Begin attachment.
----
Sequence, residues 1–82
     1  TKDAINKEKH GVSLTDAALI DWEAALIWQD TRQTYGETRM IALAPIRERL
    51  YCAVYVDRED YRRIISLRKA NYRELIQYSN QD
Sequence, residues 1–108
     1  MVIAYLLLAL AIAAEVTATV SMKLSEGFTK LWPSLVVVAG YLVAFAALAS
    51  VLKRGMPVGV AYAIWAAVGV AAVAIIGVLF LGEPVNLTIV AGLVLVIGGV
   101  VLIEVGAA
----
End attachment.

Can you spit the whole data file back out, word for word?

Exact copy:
Sequence, residues 1–82
     1  TKDAINKEKH GVSLTDAALI DWEAALIWQD TRQTYGETRM IALAPIRERL
    51  YCAVYVDRED YRRIISLRKA NYRELIQYSN QD
Sequence, residues 1–108
     1  MVIAYLLLAL AIAAEVTATV SMKLSEGFTK LWPSLVVVAG YLVAFAALAS
    51  VLKRGMPVGV AYAIWAAVGV AAVAIIGVLF LGEPVNLTIV AGLVLVIGGV
   101  VLIEVGAA